A: Yes the code 81 rail fits very well and is preferred with the CVT track system for mainline use in the late steam to diesel era. Although the modeler will need to file the top surface a bit more to bring the 0.083” (code 83) down to 0.081” (code 81). The kits points, and frogs are actually 0.084 / 0.087 to allow for variations in multiple rail manufactures. With the code 81 rail and RP25 wheel sets the flange-way in the frog may need to be cut deeper with a file or sand paper (240/320) wrapped around a thin metal blade.

Q: Considering the rail is glued to the strips, what about expansion and contraction concerns?

A: The CVT system should be gapped, for expansion / contraction like normal. We recommend using Barge cement (a shoe and leather industry product) because of its ability to stretch and shrink with out loosing strength over many cycles. Personally we did use spikes at every rail joint (atlas N joiners for code 81 rail) and also along the rail about every 10” (ten inches) or so. We also prefer spiking the closure rails at the frog and point area, we spike next to the throw-bar (to re-enforce machine pressure) and spike the frog point rails that exit the switch.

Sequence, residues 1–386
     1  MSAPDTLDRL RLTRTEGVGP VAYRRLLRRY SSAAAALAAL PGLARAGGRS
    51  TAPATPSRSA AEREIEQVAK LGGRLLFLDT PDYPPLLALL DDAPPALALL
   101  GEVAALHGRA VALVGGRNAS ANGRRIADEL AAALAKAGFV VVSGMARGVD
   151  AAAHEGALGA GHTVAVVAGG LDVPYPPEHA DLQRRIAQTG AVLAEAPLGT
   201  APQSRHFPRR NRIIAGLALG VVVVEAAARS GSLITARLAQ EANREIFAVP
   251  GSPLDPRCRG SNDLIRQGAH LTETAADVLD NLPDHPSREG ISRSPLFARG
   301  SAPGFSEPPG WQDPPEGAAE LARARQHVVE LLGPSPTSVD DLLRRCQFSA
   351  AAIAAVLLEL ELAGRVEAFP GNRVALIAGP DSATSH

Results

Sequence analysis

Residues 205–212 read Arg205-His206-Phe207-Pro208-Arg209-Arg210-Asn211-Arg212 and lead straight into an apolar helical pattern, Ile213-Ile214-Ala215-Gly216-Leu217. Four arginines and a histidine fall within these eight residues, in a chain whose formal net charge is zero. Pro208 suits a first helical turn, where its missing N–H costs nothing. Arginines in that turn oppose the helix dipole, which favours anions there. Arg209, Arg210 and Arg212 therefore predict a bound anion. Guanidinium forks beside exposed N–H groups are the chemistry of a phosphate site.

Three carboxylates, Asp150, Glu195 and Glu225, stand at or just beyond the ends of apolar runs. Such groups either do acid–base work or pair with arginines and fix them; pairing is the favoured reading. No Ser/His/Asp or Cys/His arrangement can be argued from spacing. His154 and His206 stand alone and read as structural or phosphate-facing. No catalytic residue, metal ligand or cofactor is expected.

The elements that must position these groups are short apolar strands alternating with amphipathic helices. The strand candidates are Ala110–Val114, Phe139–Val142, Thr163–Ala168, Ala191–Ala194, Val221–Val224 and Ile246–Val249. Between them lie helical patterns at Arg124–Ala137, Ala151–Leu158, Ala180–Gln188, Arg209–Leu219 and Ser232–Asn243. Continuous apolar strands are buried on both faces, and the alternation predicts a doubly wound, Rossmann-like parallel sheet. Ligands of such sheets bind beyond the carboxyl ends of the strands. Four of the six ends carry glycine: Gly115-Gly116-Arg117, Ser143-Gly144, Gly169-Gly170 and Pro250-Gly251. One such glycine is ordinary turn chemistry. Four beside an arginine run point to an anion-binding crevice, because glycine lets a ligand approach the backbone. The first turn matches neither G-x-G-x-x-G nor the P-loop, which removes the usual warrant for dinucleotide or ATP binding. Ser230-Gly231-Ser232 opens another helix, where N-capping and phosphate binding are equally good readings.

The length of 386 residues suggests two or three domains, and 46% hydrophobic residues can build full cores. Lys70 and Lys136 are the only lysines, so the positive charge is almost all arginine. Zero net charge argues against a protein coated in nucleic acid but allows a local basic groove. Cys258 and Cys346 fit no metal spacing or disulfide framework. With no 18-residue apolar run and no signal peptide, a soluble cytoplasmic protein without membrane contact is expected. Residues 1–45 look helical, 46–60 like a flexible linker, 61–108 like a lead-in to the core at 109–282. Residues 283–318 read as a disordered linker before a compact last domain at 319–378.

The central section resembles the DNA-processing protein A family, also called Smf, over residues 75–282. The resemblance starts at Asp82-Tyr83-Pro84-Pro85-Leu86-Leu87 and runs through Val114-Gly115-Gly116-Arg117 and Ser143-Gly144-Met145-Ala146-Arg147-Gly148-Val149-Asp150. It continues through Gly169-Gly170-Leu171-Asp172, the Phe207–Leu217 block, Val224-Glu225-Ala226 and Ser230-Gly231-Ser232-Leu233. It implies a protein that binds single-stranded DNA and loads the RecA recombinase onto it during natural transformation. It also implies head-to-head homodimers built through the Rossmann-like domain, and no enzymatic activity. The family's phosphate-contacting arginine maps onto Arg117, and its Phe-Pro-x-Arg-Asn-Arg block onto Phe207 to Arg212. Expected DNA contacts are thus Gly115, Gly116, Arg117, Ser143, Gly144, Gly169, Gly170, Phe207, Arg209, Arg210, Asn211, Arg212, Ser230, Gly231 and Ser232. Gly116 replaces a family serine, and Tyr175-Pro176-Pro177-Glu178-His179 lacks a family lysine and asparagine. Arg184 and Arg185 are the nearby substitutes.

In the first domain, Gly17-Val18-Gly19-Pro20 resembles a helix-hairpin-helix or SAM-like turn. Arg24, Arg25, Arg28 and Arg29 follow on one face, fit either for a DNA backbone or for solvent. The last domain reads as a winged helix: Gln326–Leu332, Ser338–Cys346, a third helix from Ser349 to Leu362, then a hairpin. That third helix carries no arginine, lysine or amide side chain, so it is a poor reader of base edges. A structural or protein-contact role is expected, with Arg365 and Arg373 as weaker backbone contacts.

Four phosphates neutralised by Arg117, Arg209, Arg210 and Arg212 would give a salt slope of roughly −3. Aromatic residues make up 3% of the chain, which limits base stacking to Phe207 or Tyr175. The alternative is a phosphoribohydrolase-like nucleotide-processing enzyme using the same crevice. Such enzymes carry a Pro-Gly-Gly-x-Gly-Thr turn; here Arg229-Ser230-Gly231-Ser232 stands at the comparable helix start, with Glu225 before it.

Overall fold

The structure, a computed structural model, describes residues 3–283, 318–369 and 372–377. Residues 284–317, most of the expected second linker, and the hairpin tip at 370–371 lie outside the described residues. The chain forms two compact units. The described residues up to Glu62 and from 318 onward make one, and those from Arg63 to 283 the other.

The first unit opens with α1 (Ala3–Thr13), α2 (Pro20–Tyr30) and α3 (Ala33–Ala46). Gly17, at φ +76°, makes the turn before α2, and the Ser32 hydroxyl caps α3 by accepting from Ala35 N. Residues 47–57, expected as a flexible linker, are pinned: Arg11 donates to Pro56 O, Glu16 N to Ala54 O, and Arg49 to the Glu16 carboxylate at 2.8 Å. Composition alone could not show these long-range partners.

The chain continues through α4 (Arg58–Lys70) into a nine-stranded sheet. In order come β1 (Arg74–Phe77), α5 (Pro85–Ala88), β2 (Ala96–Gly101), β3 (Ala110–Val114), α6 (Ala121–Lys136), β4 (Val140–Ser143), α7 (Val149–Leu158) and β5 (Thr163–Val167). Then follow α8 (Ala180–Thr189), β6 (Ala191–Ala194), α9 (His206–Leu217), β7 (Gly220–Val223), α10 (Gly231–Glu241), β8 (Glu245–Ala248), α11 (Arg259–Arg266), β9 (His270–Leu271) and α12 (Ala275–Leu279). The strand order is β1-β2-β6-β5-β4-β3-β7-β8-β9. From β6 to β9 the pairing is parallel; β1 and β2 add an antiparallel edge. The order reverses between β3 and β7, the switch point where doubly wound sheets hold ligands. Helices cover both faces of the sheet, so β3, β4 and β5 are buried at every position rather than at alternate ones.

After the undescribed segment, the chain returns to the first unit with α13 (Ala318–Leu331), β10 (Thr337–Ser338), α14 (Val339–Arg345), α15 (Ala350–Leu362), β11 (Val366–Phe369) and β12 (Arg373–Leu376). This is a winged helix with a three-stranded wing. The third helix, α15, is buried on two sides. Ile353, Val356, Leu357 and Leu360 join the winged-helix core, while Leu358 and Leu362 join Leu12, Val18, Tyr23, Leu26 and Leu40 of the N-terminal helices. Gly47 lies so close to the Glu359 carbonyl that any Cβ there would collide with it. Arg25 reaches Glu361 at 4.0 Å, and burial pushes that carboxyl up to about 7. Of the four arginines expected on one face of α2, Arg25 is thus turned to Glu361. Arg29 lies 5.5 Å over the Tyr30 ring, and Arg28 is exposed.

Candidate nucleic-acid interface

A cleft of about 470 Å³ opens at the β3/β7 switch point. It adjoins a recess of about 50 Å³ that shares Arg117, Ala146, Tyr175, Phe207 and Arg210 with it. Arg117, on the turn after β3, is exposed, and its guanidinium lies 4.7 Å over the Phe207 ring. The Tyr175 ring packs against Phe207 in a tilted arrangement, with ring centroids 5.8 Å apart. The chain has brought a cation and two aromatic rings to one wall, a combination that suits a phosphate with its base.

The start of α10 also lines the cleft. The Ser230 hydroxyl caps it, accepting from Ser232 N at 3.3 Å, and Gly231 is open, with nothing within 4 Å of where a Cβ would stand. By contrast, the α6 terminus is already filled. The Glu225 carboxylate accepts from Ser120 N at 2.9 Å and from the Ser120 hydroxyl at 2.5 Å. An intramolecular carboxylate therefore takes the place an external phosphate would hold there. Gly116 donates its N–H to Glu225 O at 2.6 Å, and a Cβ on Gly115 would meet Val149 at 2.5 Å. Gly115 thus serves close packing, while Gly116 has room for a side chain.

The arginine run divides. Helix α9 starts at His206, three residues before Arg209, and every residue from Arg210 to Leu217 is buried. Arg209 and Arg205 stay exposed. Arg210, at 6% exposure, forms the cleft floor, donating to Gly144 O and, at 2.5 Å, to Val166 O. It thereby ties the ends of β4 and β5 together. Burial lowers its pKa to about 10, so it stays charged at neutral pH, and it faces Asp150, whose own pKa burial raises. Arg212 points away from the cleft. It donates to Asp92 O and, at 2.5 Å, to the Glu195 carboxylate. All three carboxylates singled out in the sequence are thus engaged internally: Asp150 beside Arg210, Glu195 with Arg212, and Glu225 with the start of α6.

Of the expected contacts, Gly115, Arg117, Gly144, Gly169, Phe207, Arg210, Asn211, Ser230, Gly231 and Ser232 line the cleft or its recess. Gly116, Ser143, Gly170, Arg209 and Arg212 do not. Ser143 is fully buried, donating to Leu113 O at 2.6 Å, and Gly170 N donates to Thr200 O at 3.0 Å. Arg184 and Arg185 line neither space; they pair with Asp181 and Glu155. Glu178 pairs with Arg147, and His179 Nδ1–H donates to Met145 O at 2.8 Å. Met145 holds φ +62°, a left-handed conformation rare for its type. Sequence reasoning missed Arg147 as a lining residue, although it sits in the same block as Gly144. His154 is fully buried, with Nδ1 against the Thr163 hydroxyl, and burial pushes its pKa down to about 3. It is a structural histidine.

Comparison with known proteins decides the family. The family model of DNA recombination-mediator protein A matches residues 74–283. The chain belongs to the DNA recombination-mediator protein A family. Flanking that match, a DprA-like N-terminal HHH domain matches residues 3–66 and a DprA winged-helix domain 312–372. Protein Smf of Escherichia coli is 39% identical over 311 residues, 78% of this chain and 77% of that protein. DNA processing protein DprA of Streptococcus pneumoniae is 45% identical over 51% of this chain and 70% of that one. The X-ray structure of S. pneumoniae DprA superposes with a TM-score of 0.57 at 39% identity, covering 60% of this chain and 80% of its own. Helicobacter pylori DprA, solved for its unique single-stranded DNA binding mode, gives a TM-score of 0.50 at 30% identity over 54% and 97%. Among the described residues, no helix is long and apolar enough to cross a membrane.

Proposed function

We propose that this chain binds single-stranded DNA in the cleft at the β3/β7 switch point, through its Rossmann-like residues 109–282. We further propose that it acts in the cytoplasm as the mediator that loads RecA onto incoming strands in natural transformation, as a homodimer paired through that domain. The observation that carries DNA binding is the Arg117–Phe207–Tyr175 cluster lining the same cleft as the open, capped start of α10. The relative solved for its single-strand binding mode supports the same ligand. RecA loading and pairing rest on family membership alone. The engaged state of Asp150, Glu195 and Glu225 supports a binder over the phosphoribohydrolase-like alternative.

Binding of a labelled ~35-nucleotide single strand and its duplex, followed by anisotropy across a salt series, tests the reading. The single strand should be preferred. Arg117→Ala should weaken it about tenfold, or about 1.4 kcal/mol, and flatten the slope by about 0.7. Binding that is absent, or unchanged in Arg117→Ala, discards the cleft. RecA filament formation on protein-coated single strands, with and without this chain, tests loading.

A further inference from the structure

Q: How well does your track and switches work on AMI roadbed?

A: Because of the need for the modeler to press downward on the CVT while installing ties, gluing rail, spiking rail, blending rail (with file), and drilling (for wiring) the AMI road bed has proven to be completely unsuitable for both trouble-free installation and operation with CVT or any hand-laid model track project. The AMI roadbed will not maintain a consistence vertical plane for the ties which in result will effectively cause a roller-coaster effect with your trackage.